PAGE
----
The confident Ilmor duo believed it was a bigger risk to not build the pushrod engine and allow their competitors to bring a bigger, faster bullet to the race. Yet, it was also a huge financial risk, and the timeline to design, build, test, and prove its reliability was incredibly short. Almost impossibly so.
A typical racing engine requires nine months or more from the drawing board to initial startup on a dynamometer. (Better known as a “dyno,” this machine allows an engine to run in a controlled environment while measuring a number of considerations such as torque and horsepower.) Then, a new engine would go through additional months of grueling testing and development on and off the racetrack before and during the race season. With less than eleven months until the next 500, a few quickly penciled calculations meant the new engine would have to be designed and built in six months.
Yet, Illien and Morgan knew they were working with a man who always maintained “nothing is impossible.”
Building an engine that existed only in the fertile imagination of Illien was a strategic gamble; building an all-new chassis to match would only add exponentially to the costs and potential problems. The only option was for the new engine to work with the upcoming 1994 Penske chassis, known as the PC23 (“PC” for Penske Cars and “23” as the next in a long line of beautiful and successful race cars).
In a burst of hubris, Illien made a promise that would put immense pressure on his shoulders and on those of his team of designers for the next several months.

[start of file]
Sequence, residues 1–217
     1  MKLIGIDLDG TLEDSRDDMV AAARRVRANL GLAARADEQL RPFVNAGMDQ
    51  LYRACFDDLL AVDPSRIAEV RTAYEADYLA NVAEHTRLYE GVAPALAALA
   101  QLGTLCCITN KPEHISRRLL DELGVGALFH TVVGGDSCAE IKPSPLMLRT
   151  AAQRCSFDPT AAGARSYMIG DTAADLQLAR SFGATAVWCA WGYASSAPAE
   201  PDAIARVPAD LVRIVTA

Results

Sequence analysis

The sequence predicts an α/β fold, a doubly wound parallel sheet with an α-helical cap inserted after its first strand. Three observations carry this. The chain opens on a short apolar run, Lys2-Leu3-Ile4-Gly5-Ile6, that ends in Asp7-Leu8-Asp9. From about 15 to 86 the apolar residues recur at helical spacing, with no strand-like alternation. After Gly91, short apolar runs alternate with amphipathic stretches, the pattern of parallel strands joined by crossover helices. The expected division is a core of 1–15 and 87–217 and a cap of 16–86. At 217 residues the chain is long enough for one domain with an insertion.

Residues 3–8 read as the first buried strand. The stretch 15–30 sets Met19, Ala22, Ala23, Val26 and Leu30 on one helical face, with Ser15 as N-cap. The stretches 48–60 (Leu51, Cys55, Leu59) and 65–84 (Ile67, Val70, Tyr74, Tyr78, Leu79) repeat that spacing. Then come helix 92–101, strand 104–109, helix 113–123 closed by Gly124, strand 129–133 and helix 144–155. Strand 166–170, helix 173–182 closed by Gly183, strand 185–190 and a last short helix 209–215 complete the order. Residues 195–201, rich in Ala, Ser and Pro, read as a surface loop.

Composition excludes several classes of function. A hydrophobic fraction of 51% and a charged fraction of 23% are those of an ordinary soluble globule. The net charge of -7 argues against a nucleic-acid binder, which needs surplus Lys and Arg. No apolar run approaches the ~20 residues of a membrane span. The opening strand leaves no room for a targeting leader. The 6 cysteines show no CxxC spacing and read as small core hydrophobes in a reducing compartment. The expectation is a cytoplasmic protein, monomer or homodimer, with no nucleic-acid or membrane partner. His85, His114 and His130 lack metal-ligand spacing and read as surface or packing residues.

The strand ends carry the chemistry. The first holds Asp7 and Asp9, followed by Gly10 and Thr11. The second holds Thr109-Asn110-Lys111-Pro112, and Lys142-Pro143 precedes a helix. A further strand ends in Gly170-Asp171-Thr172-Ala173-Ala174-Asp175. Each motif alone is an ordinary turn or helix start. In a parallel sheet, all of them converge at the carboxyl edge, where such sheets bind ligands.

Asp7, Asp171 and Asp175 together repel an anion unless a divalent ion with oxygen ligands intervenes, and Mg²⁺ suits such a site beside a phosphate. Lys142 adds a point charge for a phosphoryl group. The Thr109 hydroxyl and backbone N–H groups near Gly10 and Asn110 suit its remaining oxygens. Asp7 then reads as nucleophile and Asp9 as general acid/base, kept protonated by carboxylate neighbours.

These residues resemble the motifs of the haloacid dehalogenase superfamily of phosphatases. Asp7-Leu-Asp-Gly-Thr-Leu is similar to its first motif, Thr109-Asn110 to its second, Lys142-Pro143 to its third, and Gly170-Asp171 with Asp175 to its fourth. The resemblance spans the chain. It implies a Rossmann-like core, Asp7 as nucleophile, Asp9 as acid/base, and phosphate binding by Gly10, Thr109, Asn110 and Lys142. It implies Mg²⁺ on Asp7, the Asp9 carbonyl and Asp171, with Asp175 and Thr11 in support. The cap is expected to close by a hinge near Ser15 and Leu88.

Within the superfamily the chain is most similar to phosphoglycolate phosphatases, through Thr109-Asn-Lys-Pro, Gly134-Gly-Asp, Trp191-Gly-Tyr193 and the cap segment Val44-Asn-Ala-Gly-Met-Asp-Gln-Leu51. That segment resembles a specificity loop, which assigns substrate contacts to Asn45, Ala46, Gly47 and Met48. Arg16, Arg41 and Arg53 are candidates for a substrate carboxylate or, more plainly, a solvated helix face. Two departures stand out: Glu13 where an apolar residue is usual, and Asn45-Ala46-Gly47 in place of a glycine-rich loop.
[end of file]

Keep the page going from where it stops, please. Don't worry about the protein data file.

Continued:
“We’ll design it so it fits exactly in the car like the current engine,” he said.
As they pondered, there was no budget, no written timeline, no contract jammed with legalese. It was merely three men tantalized by a challenge. Each loved nothing more than winning, and this engine deeply appealed to their competitive drives.
Penske had always reached for the unfair advantage, constantly looked for the next innovation that would make his team successful. It was also a forward-thinking business opportunity—the worldwide publicity of his racing victories provided a halo image for his entire business empire and provided a motivating force for thousands of employees who shared emotionally in the success. Corporate sponsors love a winner, and what sponsor would not want to be in business with the man who achieves what his competitors cannot?
For Paul Morgan, the engineering challenge thrilled him, and as the man responsible for the manufacturing side of Ilmor, it was a daring opportunity to make it all work in an extraordinarily short span. For Illien, already considered one of the best designers in the world, it was an intellectual challenge to design a pushrod engine for the first time and prove his expertise in a new and exciting manner.
A wide grin grew across Penske’s face.
“Okay,” he said. “Let’s go.”
For the full story, check out Beast here, and learn how the intrigue, engineering, and utter audacity of two men turned the racing world upside down.